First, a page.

As a tourist it can often feel difficult to make a positive impact on the lives of those you meet. My constant battle as a traveller is whether I am doing more harm than good by visiting developing countries. I have strongly held beliefs against animal exploitation like petting tigers or riding elephants thus boycott any form of animal tourism. However, when an opportunity for responsible tourism comes along, I jump at the chance.
While in Chiang Mai, I learned about an Inmate Vocational Training program that affords women serving time in the Thai corrections system the opportunity to train in a new career. They learn skills like Thai massage, cooking and weaving so as to be able to participate in the tourism service sector. The women you graduate from this program have a lower rate of recidivism and a better quality of life after they serve their sentence. While I never imagined I’m be getting a massage at a women’s prison, it turned out to be an excellent unconventional tourism opportunity!
I was interested to see firsthand this job creation program. Having heard that the centre does not take reservations but functions on a first come, first serve system, I arrived early in the day and I was able to make an appointment for 2:30pm. When I returned in the afternoon, they were turning people away as they had filled all the appointments for the day, speaking to the popularity of the project.
While I waited for my appointment, I visited the nearby Lanna Museum which I found to be a wonderful way to learn about the history and culture of Northern Thailand. The museum showcases the daily life of the Lanna people, both ancient and modern, including their food, religion, festivals and handicrafts. I loved that the museum focused on everyday activities like the importance of local spices in cooking while highlighting what makes the region unique. For only 90B ($2.50US) it is well worth the entry fee to fill your time while you wait.
My appointment time came around faster than I expected as I toured the museum and soon I was heading back, ready for my first ever Thai massage. I soon discovered that Thai massage is dissimilar to the Swedish massages I’d previously had. Thai massage concentrates on overall muscle groups and uses acupuncture-based techniques which can be somewhat painful. You can expect to be pulled, rocked, jabbed and even (gently) slapped. Of course, if that pain is too much you can speak up, but I can attest that the slightly uncomfortable feeling will lead to deep relaxation later on.
When I arrived, I was escorted inside where I removed my street clothing and donned a simple linen set of clothing. This is a common practice in traditional Thai massage as you remain fully clothed during the treatment and no oils are used. Once changed, my feet were gently washed and I was lead to a nearby room with eight beds lined up against one wall. On each bed lay a client being worked on by a young women. Truthfully, I was grateful for the opportunity to peek over at the other clients to find out what to expect!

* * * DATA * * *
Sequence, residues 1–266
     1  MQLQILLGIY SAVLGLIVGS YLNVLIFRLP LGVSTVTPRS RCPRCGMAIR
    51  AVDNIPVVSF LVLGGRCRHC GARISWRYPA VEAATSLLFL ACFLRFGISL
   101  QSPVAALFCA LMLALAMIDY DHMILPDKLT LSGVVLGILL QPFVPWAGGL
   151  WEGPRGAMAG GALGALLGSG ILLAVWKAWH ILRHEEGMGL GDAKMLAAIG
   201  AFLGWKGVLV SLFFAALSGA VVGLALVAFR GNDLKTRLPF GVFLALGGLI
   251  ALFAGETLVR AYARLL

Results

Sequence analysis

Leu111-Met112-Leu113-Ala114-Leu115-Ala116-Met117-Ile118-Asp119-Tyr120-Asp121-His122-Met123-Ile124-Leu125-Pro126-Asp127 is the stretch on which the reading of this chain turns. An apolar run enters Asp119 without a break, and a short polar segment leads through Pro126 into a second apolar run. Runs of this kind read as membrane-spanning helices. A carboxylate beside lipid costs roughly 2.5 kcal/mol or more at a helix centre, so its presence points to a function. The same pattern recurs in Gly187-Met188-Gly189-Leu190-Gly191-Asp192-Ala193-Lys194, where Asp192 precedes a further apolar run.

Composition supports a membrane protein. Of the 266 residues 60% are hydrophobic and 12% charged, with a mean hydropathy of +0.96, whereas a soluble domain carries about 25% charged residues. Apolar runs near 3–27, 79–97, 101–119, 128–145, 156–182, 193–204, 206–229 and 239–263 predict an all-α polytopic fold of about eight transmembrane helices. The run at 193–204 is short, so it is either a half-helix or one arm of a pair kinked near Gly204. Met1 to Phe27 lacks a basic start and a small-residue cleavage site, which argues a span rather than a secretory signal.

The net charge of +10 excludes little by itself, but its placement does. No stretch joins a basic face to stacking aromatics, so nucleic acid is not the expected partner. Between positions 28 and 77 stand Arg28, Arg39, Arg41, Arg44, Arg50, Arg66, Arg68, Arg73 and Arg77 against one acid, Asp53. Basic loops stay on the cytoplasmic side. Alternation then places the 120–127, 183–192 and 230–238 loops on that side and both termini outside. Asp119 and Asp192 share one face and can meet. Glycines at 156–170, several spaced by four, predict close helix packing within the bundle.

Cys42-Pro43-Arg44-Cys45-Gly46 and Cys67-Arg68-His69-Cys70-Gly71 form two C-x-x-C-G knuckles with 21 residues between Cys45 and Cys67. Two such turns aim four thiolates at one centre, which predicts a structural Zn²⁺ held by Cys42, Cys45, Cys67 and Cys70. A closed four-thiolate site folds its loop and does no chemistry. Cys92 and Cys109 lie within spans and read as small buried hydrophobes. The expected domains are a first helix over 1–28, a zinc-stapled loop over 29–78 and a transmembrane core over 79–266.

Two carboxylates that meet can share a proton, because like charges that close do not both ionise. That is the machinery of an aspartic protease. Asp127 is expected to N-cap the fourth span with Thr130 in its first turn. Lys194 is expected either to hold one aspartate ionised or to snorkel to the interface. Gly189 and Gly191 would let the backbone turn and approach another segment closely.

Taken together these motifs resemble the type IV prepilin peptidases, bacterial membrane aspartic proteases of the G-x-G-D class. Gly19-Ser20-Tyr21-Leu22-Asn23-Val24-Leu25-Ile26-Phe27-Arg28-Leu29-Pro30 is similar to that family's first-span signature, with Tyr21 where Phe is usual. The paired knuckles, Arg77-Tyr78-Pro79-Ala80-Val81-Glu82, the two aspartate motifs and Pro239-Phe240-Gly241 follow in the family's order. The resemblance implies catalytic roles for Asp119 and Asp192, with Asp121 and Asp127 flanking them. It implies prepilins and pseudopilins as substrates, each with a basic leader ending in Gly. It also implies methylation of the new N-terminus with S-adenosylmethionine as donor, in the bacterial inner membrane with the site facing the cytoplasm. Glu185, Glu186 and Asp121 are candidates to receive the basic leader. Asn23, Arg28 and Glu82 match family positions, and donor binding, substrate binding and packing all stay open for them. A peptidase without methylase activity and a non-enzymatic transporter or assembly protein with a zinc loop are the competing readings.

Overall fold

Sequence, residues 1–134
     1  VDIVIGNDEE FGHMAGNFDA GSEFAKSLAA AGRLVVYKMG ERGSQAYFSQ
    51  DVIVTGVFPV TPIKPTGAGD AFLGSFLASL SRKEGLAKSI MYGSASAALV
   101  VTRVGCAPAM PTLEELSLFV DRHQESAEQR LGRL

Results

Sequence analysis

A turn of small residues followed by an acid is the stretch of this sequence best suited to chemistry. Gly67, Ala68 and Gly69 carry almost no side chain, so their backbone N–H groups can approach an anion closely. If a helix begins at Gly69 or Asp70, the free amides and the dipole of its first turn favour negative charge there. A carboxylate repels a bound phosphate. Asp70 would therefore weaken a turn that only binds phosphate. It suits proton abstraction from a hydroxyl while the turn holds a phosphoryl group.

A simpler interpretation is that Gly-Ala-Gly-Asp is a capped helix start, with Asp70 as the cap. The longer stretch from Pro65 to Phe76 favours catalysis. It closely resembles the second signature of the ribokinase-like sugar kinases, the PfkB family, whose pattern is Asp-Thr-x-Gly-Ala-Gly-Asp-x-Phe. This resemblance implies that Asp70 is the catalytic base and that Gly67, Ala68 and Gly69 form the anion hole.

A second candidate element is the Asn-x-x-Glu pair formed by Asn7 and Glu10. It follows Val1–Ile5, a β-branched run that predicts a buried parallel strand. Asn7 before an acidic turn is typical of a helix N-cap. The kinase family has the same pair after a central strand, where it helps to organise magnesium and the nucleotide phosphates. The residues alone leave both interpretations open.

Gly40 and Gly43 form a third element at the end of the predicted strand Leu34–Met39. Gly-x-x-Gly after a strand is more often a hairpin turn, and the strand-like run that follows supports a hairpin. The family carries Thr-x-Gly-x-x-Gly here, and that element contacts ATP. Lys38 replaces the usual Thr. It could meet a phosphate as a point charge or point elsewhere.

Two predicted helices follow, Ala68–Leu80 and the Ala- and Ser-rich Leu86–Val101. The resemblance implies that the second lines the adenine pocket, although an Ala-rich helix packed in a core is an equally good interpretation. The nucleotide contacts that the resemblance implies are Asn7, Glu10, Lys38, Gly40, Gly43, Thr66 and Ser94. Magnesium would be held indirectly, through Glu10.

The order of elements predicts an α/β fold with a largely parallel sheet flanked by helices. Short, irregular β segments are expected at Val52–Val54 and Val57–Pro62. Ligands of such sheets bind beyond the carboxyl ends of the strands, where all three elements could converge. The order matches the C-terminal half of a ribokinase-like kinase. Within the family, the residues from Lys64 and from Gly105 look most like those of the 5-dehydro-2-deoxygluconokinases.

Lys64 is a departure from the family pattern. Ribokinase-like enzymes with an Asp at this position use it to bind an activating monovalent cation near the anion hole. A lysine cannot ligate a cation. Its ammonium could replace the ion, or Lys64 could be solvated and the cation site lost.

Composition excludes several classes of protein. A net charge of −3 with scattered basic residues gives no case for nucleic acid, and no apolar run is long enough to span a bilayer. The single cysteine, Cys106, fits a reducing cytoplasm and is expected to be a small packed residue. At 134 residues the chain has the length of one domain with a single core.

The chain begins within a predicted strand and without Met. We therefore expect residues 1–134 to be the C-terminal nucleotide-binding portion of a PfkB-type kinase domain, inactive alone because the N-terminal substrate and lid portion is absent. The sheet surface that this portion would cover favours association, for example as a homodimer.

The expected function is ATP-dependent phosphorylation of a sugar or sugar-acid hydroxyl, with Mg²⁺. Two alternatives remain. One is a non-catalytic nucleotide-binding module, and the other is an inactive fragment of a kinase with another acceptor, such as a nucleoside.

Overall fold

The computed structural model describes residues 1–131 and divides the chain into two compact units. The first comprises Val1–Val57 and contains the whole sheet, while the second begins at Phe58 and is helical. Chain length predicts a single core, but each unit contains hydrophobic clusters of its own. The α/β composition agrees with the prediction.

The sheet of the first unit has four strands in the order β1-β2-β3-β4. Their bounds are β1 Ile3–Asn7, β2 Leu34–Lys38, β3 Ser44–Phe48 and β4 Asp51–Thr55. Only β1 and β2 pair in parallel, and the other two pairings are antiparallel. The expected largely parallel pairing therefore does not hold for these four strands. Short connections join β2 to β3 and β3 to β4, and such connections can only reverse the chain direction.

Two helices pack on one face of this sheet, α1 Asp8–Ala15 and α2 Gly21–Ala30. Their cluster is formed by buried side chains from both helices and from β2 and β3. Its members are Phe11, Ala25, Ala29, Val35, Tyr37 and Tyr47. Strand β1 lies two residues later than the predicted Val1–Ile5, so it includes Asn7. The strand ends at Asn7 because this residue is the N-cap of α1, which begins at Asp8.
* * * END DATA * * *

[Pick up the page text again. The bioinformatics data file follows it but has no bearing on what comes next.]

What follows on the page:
It was a very physically demanding job for the masseuse, who spent the full hour pulling, bending, beating, pushing, and squeezing every piece of my body. She was highly skilled and the massage completely relieved all the tension I had been carrying and left me feeling wonderful. As I grew accustomed to her ministrations, I noticed my surroundings in more details and found them utterly charming. With perfumed water spritz in the air, soft instrumental Thai music in the background and the gentle whispers and laughter of the women surrounding me, it was a very pleasant atmosphere.
[bctt tweet=”In Chiang Mai, support a female prisoner by getting a massage! #unconventionaltourism” username=”globallocavore”]
At the end of the hour, I felt light and stress free. No photos were allowed for obvious reasons, but I can promise that the setting was lovely, the women were kind and attentive, the facility was well kept and well run. For only 180B ($5.ooUS), I received an excellent hour long massage and much needed reprieve from the hustle and heat of the city.
Afterwards, I had lunch at the onsite cafe and took a quick look at the handicrafts on sale. While I was happy to support a good food job, the cafe is clearly not the main focus of the centre and the service reflected that. After trying to order two different Northern Thai dishes and being told without explanation that they were unavailable, I ended up with a standard green curry. Unfortunately, I can’t give the cafe the same rave reviews as the massage as the dining service was inattentive and the dish overpriced, but the cafe’s outdoor seating area was a lovely spot to take a break from the busy city. I would recommend having a coffee or smoothie during your wait in order to support the training of cafe workers.
My only regret is that I didn’t visit the centre earlier in my travels. I recommend coming at the beginning of your trip to Chiang Mai to relieve the tension of your travels with a Thai massage and then again before you leave for a foot massage to relieve the strain of exploring all the temples and night markets.
Are there any vocational training programs in your neighbourhood that support vulnerable people? If so, go check them out and let me know what you find!
Now It’s Your Turn! When in Chiang Mai, you too can receive a massage at the Vocational Training Center of the Chiang Mai Women’s Correctional Institution (yes that’s the easy to remember official name!). It’s as easy as arriving early in the morning to 100 Ratvithi Road and reserving your appointment time. The Chiang Mai Historical Centre or the Lanna Folklife Museum are excellent places to visit while you wait. Both are on the same road and make excellent landmarks for finding the Vocational Center as they show up on Google Maps.